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Researchers say 54 percent of U.S. adults are overweight

By Paul Recer
ASSOCIATED PRESS

WASHINGTON
-- Americans are just too fat, researchers say, with 54 percent of all adults heavier than is healthy. If the trend continues, experts say, within a few generations virtually every U.S. adult will be overweight.

The percentage of overweight Americans has increased by about a third in the last 20 years, and more hefty adults are on the way because more than 25 percent of today's children are overweight or obese, says obesity researcher James O. Hill.

"The trend will continue. There is no indication that it will turn around. Actually, it seems to be getting worse," said Hill, director of the Colorado Clinical Nutrition Research Unit at the University of Colorado. "The predictions are that it is increasing at such a rate that we'll all be overweight at some point."

People stay at the proper weight if they eat only the amount of food needed to fuel their physical activity. Americans now generally eat far more than they need and exercise far less than they should, Hill said.

He blames the environment: Americans have too much food available, social situations encourage overeating, restaurants compete by offering bigger and bigger servings, and technology has made it possible to avoid exercise.

"Becoming obese is a normal response to the American environment," said Hill, lead author of a study appearing today in the journal Science. "If the environment continues to encourage high [ food ] intake and low activity, then we'll all be overweight."

The body, he said, has mechanisms to prompt people to eat when they are undernourished. But there are no such mechanisms "to stop us from eating if there is a lot food around," Hill said.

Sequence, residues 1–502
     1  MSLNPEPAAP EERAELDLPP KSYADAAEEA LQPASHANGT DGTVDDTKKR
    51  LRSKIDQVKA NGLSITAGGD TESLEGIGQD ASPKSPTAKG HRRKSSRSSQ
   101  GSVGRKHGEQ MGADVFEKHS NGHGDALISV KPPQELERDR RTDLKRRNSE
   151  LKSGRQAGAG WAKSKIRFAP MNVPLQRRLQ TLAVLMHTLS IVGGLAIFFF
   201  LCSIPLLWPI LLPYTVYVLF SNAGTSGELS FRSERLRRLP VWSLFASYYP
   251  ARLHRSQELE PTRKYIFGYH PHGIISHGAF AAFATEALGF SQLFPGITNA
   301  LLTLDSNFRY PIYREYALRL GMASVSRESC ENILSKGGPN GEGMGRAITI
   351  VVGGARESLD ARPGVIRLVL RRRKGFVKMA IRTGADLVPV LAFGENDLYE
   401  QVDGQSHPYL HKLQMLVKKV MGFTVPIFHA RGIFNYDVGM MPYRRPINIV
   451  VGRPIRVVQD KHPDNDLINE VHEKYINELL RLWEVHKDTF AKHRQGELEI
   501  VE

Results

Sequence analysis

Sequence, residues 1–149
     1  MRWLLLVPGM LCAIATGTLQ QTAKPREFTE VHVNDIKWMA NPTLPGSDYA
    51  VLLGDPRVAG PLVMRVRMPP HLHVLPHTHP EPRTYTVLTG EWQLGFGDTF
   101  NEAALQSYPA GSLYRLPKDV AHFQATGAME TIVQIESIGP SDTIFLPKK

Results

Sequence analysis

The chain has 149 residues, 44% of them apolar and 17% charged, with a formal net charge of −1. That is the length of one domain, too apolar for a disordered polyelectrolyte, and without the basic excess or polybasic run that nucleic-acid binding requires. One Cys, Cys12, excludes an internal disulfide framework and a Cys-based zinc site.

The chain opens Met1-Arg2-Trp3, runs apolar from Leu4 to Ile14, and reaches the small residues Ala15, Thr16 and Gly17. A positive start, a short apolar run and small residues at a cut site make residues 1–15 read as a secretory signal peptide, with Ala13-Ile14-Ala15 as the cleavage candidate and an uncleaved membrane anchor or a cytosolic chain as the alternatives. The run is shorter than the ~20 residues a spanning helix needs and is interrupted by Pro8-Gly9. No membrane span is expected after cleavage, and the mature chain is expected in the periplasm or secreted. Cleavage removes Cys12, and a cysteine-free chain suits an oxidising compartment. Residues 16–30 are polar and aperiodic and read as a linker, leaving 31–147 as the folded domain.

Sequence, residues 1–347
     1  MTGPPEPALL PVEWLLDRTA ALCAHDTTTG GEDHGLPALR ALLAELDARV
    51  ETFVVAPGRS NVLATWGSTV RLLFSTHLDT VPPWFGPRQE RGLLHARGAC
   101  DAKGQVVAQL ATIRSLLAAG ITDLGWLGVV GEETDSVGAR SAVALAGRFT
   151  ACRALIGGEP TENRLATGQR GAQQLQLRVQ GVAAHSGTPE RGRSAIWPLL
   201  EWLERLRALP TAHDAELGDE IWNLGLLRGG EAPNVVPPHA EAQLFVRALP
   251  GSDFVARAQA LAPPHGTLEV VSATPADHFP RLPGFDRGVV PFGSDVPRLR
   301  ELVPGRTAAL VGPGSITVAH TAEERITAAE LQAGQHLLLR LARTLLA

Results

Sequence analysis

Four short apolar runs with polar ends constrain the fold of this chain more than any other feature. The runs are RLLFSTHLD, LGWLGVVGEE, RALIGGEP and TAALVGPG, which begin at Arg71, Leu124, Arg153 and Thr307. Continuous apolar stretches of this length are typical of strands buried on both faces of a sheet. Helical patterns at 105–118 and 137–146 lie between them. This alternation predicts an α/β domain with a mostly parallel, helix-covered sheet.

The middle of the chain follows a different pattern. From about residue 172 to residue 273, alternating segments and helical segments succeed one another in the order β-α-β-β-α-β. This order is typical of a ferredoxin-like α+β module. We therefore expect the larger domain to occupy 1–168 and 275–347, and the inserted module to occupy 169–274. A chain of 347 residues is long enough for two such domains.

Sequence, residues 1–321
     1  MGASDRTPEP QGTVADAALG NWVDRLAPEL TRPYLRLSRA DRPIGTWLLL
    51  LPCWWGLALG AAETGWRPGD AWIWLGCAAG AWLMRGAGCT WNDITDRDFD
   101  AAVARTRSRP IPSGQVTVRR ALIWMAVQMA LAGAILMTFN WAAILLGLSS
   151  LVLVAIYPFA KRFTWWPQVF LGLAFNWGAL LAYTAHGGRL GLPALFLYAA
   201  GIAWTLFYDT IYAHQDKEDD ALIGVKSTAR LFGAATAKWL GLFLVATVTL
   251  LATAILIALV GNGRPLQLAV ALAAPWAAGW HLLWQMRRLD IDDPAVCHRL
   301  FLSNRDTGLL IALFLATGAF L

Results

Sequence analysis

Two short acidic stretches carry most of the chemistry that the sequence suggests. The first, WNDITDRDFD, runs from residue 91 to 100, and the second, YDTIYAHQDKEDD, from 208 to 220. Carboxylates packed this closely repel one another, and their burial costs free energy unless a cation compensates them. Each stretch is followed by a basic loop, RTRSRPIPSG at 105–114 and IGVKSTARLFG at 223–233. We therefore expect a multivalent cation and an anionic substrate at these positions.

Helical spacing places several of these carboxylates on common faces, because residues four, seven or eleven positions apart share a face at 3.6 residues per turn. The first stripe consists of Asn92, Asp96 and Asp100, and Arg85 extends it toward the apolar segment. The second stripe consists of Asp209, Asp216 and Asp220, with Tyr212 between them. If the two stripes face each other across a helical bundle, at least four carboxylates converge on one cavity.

Being overweight or obese is not just a personal problem but a genuine public health threat, said Hill. Obesity increases the risk of diabetes, cancer, heart disease, and other chronic disorders. Some studies have shown an increase of up to 60 percent in the risk of death from all causes for obese people.

A study by the Institute of Medicine estimates that obesity costs the United States $70 billion annually in direct health-care expenses or in lost productivity.

"We can't become complacent about this epidemic of obesity, which seems to be worsening over time," Dr. JoAnn Manson, a specialist at Boston's Brigham and Women's Hospital, said in Science.

Another researcher, Steven Blair, of the Cooper Institute in Dallas, said Americans were spending $40 billion a year on weight-loss treatments. "This approach is clearly not working," he said.

Science has yet to find a magic pill that cuts weight gain without unhealthy side effects, and in any case, many researchers believe that any such drug will have to be combined with diet and exercise. Scientists are still searching for all the genes that may be linked to weight gain. Genes, some say, may contribute to 40 percent to 70 percent of obesity cases.

Hill believes public policy changes are needed to control what he calls "the fat epidemic." He said it took government action to reduce the health threat from cigarette smoking, and government policies may be appropriate to control obesity.

Among his proposals:
 * Increase the sense of urgency about controlling obesity among both the public and health-care workers. Despite clear evidence that obesity poses a major health threat, Hill said, "it remains low on the list of important public health problems."
 * Require schoolchildren to have at least 30 minutes of vigorous physical activity daily.
 * Encourage physical exercise, perhaps even awarding people with reduced insurance premiums or additional vacation time.
 * Encourage restaurants not to use food portions as a competitive issue. People generally will eat all that they are served. "Our culture's apparent obsession with 'getting the best value' may underlie the increased offering . . . and the attendant risk of obesity," Hill says in Science.
 * Increase the availability of low-fat foods, such as fruits, vegetables and whole grains, and make processed low-fat foods as tasty as high-fat versions.
 * To head off a future fat generation, parents must set an example. "Parents are role models," Hill said. "We sit on the couch, eat our high-fat foods, and then tell our kids to eat right and go out and exercise. That doesn't work."